Society tells us that police exist to bring justice. Like comic book characters, this is fiction. Across the country, Black and Indigenous communities bear the brunt of policing’s impacts and are disproportionately targeted in street checks by police forces. They also experience disproportionate levels of police violence. Drug users, sex workers and people who are homeless are often harmed by the police through active harassment and violence or neglect.
Canada is built on policies that explicitly or implicitly operate to wipe out Indigenous peoples from their lands and suppress Black communities. Drug and sex work criminalization forces people into isolated situations so they can avoid the police, but they are then exposed to other dangers such as overdoses and client violence.
When some groups are cast as “other,” “different” or “foreign” by dominant society, they are perceived as a threat to be watched and managed, subject to prejudice, exclusion and dehumanization. In this context, the language and framing police choose matters.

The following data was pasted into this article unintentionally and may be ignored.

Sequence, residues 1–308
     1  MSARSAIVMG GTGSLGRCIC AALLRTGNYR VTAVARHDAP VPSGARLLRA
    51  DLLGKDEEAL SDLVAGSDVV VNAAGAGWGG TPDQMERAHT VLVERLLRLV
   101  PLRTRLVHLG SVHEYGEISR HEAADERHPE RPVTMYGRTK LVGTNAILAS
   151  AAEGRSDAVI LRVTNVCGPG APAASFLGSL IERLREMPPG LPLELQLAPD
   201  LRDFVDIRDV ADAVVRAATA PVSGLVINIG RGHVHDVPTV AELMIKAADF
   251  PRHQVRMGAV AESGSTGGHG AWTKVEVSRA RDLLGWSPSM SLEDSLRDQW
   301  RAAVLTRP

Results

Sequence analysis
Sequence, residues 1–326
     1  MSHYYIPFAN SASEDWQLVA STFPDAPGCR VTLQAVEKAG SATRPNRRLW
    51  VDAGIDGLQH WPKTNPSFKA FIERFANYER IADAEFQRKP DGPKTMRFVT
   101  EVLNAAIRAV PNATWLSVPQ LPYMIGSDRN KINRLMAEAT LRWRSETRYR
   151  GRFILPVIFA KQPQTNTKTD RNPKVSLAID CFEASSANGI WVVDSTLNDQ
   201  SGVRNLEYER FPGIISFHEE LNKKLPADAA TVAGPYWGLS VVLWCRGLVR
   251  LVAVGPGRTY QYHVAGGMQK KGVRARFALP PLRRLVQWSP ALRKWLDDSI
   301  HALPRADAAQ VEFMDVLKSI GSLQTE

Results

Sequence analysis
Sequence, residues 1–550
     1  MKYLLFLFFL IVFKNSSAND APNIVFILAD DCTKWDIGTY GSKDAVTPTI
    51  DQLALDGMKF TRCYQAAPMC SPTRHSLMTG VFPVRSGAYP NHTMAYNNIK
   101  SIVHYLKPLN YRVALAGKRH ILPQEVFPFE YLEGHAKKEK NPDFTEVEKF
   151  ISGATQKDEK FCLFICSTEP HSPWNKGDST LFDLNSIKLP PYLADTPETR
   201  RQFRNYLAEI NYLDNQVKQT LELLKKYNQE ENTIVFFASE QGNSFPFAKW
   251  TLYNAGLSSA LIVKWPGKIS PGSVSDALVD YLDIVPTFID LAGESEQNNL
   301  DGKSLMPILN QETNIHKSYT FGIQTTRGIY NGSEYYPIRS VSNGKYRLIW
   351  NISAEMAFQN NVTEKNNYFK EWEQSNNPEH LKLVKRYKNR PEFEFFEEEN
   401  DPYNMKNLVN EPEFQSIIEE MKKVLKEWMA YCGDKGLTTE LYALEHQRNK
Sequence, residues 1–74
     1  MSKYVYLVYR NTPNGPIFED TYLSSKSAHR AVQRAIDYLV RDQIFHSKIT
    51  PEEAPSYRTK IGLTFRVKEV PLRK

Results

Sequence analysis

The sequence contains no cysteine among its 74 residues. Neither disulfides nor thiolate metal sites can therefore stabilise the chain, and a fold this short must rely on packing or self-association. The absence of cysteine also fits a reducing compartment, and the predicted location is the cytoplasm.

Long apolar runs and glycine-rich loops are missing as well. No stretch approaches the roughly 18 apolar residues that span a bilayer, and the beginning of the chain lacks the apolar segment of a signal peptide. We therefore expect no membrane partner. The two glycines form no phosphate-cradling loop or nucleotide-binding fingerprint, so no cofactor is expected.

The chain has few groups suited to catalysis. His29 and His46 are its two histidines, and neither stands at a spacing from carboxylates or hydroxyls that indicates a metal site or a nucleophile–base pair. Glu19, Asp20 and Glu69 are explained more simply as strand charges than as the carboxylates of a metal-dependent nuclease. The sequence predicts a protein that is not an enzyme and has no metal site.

The RCMP is mythologized in the Canadian imagination as an honourable force on horseback sporting the distinctive red uniform, a symbol of national pride and bravery.
In fact, as demonstrated against the Wet’suwet’en land defenders earlier this year, the RCMP is an increasingly militarized outfit designed to enforce colonial laws and control the population through threat of force, like other police forces in Canada.
Historically, RCMP officers were instrumental to the colonial project in expanding Canada’s rule in the West, dragging Indigenous children away from their families and cultures and dropping them into the arms of priests and nuns where they experienced the unthinkable horrors of residential schools.
The RCMP has consistently operated against the safety of Indigenous peoples from inaction surrounding cases of missing and murdered Indigenous women to killing Indigenous people while performing wellness checks to surveilling and arresting land defenders.
The values that underpin policing in Canada necessarily reflect the values of a colonial state interested in dispossessing Indigenous peoples of their land.
Black people have a different yet similar experience of violence and exclusion in Canada. They are often criminalized, surveilled and policed in public space and have been subject to a long history of enslavement, segregation, discriminatory immigration practices and police violence.